I. INTRODUCTION The Black Death arrived in Europe on October 1348 when 12 Genoese trading ships arrived at the Sicilian port of Messina after a long journey through the Black Sea. The people who gathered on the docks that was about to greet the ships met with a horrifying surprise: Most of the sailors aboard the ships were dead, and those who were still alive were gravely ill. They were overcome with fever and delirious from pain. Also, they were covered in mysterious black boils that oozed blood and pus and gave their illness its name: the “Black Death.”
Summary: The book The Plague by Albert Campus is about the city of Oran a coastal town in North Africa who is hit with a plague (epidemic) at the start people start to relies and miss what they usually take for granted for example their loved ones like Rambert who is a journalist from Paris. The first sign of the plague or foreshadowing would the rat that Dr. Bernard Rieux found in the front of his hospital where he was just leaving the rat had blood coming out of the mouth he thought it was youngsters that did it as a prank so he easily dismissed it but over the course of time the increase of dead rats appearing around the city began to startle the citizen of Oran. The very first victim to fall to the plague would be M. Michel who showed
Woosh! Everyone is in their homes, trying to protect themselves from the deadly disease sweeping through the countryside. That plague was the Black Death, and it killed nearly two-thirds of the population in Medieval Europe. Miasma, bad air, and rats are possible causes of the horrible plague Black Death. In exhibit D, titled “The Miasma”, it explains that Plague doctors wore strange masks to protect from Miasma.
The Black Plague and its causes The effects of the Black Plague on Medieval Europe was caused by infected rats, dirty cities, and bad hygiene. There was a mortality rate of 31% When the black plague was in effect in Medieval Europe (Gottfried S. Robert). Many people thought it was the end of the world because of so many people dying, at such of high rate, family members would bury one another. One of the reasons that the black Plague started was because of rats.
The reactions from the Christians and the Muslims to the greatly feared disease, known as the Black Death or the Great Plague were different in several ways. The first Plague was documented from 541 to 544 CE. Known as the Plague of Justinian. The Plague came in three different ways: bubonic, pneumonic, and septicemic. With bubonic being the most common.
The Black Death is the name for a terrible disease that spread throughout Europe from 1347 to 1350. There was no cure for the disease and it was highly contagious. How did it start? The plague likely started in Asia and traveled westward along the Silk Road. The disease was carried by fleas that lived on rats.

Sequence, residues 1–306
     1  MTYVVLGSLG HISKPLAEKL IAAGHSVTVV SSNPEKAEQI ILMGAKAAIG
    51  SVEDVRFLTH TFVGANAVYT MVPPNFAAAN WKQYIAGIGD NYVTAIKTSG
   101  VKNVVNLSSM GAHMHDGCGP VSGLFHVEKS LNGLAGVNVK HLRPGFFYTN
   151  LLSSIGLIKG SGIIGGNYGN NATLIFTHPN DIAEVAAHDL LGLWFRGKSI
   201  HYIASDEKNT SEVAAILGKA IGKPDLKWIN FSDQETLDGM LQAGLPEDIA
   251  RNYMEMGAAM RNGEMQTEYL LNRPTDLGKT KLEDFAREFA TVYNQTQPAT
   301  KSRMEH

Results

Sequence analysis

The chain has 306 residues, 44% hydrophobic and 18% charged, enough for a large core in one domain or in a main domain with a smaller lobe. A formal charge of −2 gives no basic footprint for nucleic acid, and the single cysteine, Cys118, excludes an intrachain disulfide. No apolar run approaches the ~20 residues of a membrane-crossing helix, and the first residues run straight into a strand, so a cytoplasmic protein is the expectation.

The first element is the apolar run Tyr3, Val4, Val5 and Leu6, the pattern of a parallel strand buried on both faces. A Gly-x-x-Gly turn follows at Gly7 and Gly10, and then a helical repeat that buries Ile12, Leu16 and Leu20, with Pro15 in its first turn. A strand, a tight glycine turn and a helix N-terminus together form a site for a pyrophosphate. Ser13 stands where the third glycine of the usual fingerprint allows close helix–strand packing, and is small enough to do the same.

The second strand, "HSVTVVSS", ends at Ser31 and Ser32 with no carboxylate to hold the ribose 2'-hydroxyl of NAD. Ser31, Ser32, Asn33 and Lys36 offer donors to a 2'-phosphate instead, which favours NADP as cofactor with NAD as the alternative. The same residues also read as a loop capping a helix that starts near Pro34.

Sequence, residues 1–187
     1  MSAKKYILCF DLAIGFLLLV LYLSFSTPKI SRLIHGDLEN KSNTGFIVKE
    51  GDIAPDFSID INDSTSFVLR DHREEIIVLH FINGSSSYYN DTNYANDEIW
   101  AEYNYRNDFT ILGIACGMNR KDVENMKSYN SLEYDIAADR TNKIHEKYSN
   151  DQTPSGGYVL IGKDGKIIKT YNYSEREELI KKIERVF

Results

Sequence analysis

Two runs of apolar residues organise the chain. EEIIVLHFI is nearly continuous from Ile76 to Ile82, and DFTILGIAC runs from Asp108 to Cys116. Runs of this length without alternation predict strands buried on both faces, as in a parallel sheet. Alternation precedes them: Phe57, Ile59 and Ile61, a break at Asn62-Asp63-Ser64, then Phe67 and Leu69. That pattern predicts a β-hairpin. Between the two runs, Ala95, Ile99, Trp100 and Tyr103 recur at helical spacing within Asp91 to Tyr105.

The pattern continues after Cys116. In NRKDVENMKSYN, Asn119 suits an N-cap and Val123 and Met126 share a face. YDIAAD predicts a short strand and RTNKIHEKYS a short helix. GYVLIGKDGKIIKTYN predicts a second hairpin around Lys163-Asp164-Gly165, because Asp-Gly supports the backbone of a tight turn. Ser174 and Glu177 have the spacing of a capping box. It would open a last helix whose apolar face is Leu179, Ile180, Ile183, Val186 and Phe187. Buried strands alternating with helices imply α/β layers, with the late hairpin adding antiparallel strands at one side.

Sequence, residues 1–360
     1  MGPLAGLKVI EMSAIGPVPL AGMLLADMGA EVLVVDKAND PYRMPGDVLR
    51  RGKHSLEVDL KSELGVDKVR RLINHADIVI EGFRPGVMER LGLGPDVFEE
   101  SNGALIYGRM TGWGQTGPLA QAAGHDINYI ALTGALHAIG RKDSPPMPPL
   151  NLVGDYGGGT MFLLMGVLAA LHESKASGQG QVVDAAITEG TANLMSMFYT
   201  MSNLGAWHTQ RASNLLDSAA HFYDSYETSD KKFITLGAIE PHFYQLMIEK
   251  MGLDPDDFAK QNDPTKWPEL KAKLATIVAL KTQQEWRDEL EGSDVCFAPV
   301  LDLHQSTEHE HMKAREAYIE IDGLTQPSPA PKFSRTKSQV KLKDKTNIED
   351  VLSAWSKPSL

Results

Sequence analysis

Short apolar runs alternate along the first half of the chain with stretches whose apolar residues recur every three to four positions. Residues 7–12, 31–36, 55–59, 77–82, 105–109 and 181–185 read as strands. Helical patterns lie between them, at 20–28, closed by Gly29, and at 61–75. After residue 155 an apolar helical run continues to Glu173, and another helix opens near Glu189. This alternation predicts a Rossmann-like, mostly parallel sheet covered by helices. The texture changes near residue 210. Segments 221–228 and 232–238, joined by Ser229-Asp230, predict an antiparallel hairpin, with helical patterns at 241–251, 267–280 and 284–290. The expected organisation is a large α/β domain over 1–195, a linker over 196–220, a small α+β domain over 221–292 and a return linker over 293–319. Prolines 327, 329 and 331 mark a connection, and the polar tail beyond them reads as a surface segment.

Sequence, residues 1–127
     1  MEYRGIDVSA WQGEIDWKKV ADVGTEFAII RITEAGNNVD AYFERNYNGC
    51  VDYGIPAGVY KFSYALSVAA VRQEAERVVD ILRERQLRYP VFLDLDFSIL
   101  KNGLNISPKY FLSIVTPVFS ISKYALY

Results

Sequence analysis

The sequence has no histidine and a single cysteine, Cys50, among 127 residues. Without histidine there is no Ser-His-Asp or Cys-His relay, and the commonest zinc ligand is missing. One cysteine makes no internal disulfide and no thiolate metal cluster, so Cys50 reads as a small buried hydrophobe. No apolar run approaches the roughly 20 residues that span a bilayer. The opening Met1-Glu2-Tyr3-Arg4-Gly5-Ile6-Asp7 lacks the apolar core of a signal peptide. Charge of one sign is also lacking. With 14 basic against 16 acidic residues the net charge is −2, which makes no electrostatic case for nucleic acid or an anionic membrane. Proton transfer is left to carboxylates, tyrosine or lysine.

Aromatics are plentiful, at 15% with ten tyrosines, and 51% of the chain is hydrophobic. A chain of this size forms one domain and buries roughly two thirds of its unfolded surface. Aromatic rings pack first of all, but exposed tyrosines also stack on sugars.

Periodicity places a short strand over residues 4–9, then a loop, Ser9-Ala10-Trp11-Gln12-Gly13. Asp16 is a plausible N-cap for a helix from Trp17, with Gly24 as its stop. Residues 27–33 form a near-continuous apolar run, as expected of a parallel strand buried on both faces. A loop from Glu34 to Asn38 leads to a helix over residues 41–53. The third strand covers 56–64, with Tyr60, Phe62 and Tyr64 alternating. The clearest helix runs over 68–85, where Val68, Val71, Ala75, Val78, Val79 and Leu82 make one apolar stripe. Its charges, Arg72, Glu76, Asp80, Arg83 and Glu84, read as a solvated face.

The Great Mortality, or Black Plague as it’s more commonly known, had a significant impact on the atmosphere of Medieval Europe. Social and economic institutions crumbled, religious and medical prowess were strained to their absolute limits, and many people suffered extreme psychological trauma. Many historians believe that the plague was what officially marked an end of the so called “dark ages” and provided a platform for the European Renaissance to begin. The Black Death: The Great Mortality of 1348-1350 A Brief History with Documents author John Albreth understands that by the time plague struck, Medieval Europe was already in a weakened state, which presented the opportunity for the European Renaissance to be, “forged in the crucible
The plague is usually treated by strong and effective antibiotics, intravenous fluids, oxygen, and sometimes breathing support. People who come into contact with patients with the Pneumonic Plague are usually given a short course of weak antibiotics as a safety measure. SOMETIME OLD WAYS ARE NOT THE BEST WAYS! People in medieval Europe did some crazy things while trying to cure the black death. Some examples of this include: 1.open your vains and let a pint of blood pour out 2.
The Black Plague, a disease many would agree was both one of the most devastating and poignant events to occur in European History. A time of persecution and suffering, many had to endure the effects that the Black Plague brought with it. Amidst the consequences suffered by those carrying the disease, came the ramifications that those who were not directly affected experienced. A few ramifications were self-evident, such as trade, others were concealed within the fear that the population had lost so much already, they could no longer afford to lose anything else, whether that be dignity or pride. The plague caused many to question their religious outlook, the lack of knowledge caused false cures to develop and affected the interactions throughout Europe.
In the thirteenth century in Europe, the population had a relatively good life. Filled with fair weather and an expanding count of humans, progression seemed to be running smoothly along. However, something terrible was brewing on the horizon: toward the end of the century, a natural disaster hit in a magnitude that had never been seen before by anyone. The Bubonic Plague was a form of sickness that spread through Europe in the Black Death’s reign, riding on infected rats from fleas. This deadly bacterium, Yersinia pestis, killed “50 to 60 percent of its victims” (page 284) and was accompanied by “high fever, swelling joints, swelling of the lymph nodes, and dark blotches caused by bleeding beneath the skin” (page 284).